The suspension is expected to cost the league hundreds of millions of dollars in lost revenue in national television advertisements and lost ticket sales.[44] With the vast majority of events at arenas cancelled, down-the-line workers are at risk due to lost revenue from unused tickets and effective employment as a result of closed concession stands and surrounding team memorabilia stands and shops, along with surrounding entertainment districts.[1]

See also[edit]


  1. ^ a b c Medina, Mark; Zillgitt, Jeff (March 11, 2020). "Coronavirus: NBA moving toward banning fans, but still no decision on how to handle games". USA Today. Retrieved March 12, 2020.
  2. ^ Wojnarowski, Adrian; Lowe, Zach (March 9, 2020). "Sources: NBA, owners to plot coronavirus plans". Retrieved March 12, 2020.
  3. ^ Zucker, Joseph (March 9, 2020). "NBA Will Reportedly Limit Locker Room Access Amid Coronavirus Concerns". Bleacher Report. Retrieved March 12, 2020.
  4. ^ Friedell, Nick (March 11, 2020). "Warriors to play Nets without fans in arena following San Francisco order". Retrieved March 12, 2020.
  5. ^ Chick, John (March 11, 2020). "Ohio to ban mass gatherings including sporting events". theScore. Retrieved March 12, 2020.
  6. ^ Feldman, Dan (March 12, 2020). "Jazz explain coronavirus testing of player (Rudy Gobert)". ProBasketballTalk | NBC Sports. Retrieved March 12, 2020.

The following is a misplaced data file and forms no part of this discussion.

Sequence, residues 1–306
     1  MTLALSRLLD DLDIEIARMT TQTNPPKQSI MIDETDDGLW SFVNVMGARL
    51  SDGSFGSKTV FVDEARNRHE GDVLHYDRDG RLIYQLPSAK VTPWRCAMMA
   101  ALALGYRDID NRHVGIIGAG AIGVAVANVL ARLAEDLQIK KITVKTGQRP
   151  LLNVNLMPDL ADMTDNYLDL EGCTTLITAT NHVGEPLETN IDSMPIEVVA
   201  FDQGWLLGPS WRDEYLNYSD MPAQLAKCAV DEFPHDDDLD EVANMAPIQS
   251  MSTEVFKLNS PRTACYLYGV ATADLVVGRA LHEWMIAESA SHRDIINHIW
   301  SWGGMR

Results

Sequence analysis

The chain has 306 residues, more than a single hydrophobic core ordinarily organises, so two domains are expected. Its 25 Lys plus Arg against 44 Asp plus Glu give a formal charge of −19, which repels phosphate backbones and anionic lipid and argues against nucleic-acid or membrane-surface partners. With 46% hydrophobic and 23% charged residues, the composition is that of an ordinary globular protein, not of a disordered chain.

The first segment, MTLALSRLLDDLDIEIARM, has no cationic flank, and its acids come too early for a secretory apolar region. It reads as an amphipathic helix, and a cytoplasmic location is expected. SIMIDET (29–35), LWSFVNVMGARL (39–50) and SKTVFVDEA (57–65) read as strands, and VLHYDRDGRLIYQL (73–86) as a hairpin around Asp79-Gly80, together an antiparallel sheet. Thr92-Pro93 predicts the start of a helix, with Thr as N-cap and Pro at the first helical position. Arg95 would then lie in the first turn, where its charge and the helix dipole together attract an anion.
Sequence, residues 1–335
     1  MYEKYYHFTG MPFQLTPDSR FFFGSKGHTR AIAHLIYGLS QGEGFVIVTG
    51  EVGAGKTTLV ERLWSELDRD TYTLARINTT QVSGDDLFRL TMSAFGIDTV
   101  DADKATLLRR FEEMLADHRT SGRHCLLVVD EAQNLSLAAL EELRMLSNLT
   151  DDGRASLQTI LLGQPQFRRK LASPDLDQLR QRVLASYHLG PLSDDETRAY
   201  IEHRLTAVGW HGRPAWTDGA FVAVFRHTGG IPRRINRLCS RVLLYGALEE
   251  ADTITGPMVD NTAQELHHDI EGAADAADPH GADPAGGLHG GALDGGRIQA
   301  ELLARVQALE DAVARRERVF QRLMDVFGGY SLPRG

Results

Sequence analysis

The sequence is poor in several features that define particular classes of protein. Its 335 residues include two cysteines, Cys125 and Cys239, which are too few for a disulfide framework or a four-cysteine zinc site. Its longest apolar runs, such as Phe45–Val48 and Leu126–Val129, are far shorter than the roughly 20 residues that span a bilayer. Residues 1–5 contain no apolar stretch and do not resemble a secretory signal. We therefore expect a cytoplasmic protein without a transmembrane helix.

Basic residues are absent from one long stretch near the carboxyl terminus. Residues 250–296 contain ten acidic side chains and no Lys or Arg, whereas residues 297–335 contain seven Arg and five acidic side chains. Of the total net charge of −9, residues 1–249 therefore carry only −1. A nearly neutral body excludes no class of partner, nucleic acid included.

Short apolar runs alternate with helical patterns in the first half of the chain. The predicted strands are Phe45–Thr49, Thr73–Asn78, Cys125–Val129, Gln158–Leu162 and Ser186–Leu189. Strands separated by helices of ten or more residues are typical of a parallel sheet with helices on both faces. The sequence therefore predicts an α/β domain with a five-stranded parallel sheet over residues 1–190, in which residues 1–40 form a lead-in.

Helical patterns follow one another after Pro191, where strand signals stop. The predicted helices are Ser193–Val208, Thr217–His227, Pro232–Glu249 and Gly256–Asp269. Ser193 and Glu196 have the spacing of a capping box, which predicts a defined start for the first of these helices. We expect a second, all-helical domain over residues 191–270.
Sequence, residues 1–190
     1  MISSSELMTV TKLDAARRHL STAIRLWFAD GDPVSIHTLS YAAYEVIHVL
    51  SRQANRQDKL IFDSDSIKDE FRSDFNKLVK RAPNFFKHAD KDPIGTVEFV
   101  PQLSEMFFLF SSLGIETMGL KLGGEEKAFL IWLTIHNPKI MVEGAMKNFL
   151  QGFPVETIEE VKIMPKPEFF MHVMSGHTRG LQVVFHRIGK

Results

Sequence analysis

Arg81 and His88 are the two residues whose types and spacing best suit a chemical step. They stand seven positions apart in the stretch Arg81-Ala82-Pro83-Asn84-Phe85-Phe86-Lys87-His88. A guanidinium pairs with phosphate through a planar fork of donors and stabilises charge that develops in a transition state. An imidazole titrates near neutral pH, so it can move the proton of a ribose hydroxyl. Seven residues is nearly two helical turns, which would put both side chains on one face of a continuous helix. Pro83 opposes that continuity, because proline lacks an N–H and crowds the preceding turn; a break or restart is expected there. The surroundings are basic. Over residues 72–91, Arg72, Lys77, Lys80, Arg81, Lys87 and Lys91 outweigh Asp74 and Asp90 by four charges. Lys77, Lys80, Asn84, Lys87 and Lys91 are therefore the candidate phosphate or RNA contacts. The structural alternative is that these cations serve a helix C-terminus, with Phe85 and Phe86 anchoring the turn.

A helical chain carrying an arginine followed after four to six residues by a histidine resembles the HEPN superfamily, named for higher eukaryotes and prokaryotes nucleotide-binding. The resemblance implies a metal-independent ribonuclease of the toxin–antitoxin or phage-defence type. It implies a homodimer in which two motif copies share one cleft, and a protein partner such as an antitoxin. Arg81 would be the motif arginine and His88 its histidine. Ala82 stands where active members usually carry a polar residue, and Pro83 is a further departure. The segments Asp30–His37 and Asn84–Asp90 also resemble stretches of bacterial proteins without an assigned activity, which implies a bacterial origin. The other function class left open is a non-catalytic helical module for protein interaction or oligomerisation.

7. ^ "NBA says virus hiatus will likely last 'at least' a month". Fox News. Associated Press. March 13, 2020. Retrieved March 13, 2020.
  8. ^ a b c Botkin, Brad; Kaskey-Blomain, Michael (March 11, 2020). "NBA suspends season after Rudy Gobert tests positive for coronavirus; to reevaluate in 30 days". CBS Sports. Retrieved March 13, 2020.
  9. ^ Linder, Brian (March 12, 2020). "Sixers ask players, staff to self-quarantine after possible coronavirus exposure, reports say". Penn Live. Retrieved March 13, 2020.
  10. ^ Maloney, Jack (March 11, 2020). "NBA G League also suspends play indefinitely due to concerns about coronavirus". CBS Sports. Retrieved March 12, 2020.
  11. ^ Quinn, Sam (March 15, 2020). "Coronavirus: NBA brass viewing mid-June return as best-case scenario amid new CDC recommendations, per report". CBS Sports. Retrieved March 15, 2020.
  12. ^ Charania, Shams [@ShamsCharania] (March 12, 2020). "The NBA has informed all 30 teams on policies effective immediately and through March 16, including: - All players must remain in market of team - Players remain home as long as possible - NO group workouts, practices - Team physicians/trainers speak to each player once a day" (Tweet). Retrieved March 13, 2020 – via Twitter.